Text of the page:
Wednesday, 28 March 2012

I rode!

I rode! by jumbly
I rode!, a photo by jumbly on Flickr.

I've been more ill than not so far this year. It has seriously hindered bike riding, running and general enjoyment of life. Two weeks ago with the help of a general anaesthetic and a lovely surgeon me and my gallbladder parted company.

Ten days of proper convalescence, some serious blanket action, 22 episodes of The West Wing. Then the sun came out. Two days of deck chair and the latest Haruki Murakami book. Today...... I rode!

Only four miles, but enough to induce a grin. Enough to finally start feeling like I'm on the mend.


Tuesday, 20 March 2012

Let it go

Minx met Ruth because she lived 'just down the road' so it was an excuse for hand-delivered orders and gradually longer bike-chat sessions. Minx admires Ruth's dedication to scary downhill stuff, Ruth pretends not to think Minx is a wimp for sticking firmly to one gear and a complete lack of suspension. Here's her first post...

I’m sure Daniel Goleman, he of ‘Emotional Intelligence’ best selling, book fame - if you can remember that far back to the mid 1990s - would have had something to say about the interplay (or maybe the disjuncture) between the messages you get from your head and the ones you get from your heart.

You see, I have a bit of habit of coming at stuff, including my riding, with my rational, switched on, ‘thinking brain’, all fired up and ready to guide me through the rocky stuff (literally and metaphorically speaking).  Tricky root fest adorning an off camber drop in? … no problem, adjust speed, roll in, lay off brakes, look ahead to exit point, allow the suspension to do its thing ... job done.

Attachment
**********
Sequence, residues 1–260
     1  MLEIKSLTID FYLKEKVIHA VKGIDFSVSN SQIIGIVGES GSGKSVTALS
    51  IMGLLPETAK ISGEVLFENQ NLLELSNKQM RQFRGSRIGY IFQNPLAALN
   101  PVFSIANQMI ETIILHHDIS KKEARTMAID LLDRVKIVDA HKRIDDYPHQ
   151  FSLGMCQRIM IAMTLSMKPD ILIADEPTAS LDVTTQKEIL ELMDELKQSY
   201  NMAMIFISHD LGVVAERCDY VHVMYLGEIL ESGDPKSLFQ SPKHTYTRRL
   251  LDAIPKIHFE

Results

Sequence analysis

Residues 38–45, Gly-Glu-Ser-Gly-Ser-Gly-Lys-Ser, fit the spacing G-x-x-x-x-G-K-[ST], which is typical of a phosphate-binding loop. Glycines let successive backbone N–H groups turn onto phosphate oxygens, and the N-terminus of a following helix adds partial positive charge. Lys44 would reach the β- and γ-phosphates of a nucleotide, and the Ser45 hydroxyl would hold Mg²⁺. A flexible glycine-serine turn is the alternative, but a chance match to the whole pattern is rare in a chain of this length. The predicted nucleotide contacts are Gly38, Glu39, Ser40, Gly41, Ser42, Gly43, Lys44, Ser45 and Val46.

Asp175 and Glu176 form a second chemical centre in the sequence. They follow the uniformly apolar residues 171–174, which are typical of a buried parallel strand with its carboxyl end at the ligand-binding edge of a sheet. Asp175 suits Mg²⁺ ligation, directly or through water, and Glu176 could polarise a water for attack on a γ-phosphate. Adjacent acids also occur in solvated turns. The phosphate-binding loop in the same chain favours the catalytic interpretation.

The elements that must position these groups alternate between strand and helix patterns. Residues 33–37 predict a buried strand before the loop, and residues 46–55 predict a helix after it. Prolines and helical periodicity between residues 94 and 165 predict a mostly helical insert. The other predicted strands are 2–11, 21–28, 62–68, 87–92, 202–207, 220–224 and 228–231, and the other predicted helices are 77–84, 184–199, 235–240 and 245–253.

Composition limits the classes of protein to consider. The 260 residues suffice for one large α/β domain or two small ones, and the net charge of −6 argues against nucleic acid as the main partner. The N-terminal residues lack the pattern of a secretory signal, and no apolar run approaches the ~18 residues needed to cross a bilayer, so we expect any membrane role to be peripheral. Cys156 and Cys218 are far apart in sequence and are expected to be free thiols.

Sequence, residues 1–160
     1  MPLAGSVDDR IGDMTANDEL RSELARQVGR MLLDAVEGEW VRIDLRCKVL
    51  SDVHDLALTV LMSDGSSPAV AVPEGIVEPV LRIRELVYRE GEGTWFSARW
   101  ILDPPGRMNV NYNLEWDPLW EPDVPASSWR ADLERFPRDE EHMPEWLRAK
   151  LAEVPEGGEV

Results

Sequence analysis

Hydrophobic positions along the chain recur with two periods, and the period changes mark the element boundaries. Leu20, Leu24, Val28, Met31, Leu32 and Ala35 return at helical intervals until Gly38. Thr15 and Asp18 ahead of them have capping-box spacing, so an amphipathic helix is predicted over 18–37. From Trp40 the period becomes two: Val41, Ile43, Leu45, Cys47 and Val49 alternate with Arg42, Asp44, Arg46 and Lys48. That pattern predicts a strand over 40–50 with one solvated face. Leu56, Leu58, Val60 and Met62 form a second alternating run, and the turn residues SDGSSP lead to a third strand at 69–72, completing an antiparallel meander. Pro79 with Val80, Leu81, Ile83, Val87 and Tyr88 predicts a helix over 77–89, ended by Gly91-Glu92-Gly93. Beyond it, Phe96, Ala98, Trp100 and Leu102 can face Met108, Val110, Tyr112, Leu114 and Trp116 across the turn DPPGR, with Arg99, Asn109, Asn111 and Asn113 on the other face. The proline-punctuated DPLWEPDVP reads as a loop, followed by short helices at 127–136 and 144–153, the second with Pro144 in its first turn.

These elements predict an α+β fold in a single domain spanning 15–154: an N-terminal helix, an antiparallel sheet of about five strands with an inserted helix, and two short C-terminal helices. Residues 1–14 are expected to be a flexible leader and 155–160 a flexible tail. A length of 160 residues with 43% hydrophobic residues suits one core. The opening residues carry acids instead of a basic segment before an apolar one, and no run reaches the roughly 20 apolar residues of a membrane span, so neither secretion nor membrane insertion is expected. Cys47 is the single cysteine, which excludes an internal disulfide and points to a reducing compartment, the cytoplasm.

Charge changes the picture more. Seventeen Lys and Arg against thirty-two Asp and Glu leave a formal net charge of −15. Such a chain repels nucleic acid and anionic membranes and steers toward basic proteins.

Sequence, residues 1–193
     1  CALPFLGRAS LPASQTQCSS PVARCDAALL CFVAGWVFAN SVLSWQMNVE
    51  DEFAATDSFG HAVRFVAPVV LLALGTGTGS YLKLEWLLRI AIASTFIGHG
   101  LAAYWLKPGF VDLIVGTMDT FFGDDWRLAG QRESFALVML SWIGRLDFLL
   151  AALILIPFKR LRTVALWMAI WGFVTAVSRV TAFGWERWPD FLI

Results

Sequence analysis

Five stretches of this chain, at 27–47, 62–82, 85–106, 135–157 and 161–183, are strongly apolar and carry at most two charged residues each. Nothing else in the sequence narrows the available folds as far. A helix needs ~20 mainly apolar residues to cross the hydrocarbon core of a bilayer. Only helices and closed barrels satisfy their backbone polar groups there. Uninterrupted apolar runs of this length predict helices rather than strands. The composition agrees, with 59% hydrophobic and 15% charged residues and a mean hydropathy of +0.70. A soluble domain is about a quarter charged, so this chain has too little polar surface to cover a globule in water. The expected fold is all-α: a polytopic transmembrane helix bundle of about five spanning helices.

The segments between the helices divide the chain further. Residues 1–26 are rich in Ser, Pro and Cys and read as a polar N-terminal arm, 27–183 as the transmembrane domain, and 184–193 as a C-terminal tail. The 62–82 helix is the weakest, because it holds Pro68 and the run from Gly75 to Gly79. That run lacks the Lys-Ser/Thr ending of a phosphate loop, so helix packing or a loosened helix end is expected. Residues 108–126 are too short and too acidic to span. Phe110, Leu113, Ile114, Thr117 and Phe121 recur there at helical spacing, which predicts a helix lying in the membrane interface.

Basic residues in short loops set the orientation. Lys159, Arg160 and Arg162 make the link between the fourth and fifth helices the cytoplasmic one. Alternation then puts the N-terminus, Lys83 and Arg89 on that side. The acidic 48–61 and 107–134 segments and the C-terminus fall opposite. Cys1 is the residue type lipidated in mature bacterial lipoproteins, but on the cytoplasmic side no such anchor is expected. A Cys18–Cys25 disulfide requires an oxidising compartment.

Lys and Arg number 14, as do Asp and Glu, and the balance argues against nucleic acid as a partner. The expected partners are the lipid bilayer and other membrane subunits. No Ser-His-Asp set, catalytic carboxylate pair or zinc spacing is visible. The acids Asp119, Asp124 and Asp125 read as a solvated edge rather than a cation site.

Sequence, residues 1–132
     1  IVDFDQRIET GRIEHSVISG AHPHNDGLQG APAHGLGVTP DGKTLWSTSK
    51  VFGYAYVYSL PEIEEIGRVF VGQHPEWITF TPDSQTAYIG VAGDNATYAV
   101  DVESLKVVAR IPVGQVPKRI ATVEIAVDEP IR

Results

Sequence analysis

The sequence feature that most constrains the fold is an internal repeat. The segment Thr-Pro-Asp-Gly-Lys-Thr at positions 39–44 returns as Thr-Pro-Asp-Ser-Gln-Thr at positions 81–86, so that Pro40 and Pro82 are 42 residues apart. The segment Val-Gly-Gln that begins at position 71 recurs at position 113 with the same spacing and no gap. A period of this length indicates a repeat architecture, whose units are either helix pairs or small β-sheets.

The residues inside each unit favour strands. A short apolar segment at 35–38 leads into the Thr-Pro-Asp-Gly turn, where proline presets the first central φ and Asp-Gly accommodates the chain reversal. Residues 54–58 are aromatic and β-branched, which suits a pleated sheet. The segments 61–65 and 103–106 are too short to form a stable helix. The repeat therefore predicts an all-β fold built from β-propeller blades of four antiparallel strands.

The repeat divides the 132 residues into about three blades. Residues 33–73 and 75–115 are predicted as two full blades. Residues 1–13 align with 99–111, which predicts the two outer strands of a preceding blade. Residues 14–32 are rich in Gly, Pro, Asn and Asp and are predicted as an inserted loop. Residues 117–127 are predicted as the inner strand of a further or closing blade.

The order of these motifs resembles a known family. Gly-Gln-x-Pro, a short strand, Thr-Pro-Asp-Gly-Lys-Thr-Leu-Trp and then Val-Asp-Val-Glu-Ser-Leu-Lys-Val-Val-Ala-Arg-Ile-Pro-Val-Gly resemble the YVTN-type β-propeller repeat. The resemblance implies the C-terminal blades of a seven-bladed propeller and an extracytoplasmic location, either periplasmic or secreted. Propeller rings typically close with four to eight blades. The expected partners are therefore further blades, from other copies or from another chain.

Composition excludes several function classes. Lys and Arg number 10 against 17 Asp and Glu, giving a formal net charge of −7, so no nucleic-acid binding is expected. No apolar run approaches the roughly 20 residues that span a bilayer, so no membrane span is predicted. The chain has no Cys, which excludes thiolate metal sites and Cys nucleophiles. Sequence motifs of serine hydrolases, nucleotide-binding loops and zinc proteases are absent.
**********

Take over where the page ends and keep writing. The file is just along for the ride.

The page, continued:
Ah ha! my clever head says, ‘you see’, knowledge applied correctly means that your brain chemistry is coordinating your body mechanics and all is well in the world of off road riding stability.  It’s all nanosecond stuff; but it’s still a triumph for my thinking brain.

But you know what? My best moments; the times when I genuinely experience that magic dust stuff that the journos call ‘flow’, when my bike and body work seamlessly together.  Well I don’t ‘think’ that stuff at all.  It’s my pure, base evolutionary brain synapses instinctively creating movement and anticipating the trail ahead.   You’ll know it when you feel it, cause you’ll be darned if you can describe what it was you just did … you just know that it felt right.

Which says to me that maybe there’s a time to switch off the busy mind and let it go; that’ll be riding with your heart.


Saturday, 10 March 2012

The Slow Road

After an eventful Christmas ski trip, culminating in a short flight in a helicopter to hospital and some frantic attempts to remember long-lost GCSE German, I found myself on crutches for all of January. And whilst my biceps came along a treat during that time, my leg muscles (one of them torn by the aforementioned accident) atrophied away.

So February was mostly spent doing dull physio exercises - one-legged squats, etc etc. And, gradually, trying to get back to somewhere near fit. 20 minutes on the rollers one day, 25 the next and so on.

Then I rode to work. I never thought that 8 miles would feel like SUCH a long way. I had a rest on the way. And wanted to sleep at my desk by 11am. After a week or so, that got easier and I thought I was fit so rode to my sister's house (18 miles). Had to stay the night as found it such a shock.

It's maddening how quickly you lose fitness and how slowly you gain it (for me, at least). The leg still hurts much of the time, there's a tiny dent where the muscle tear was, and anything over 40 miles is still unfathomably far, but the NHS physio declares me "better". Right.

EDIT: After a short ride in the sun today I am MUCH more cheery. I will get there! But slowly.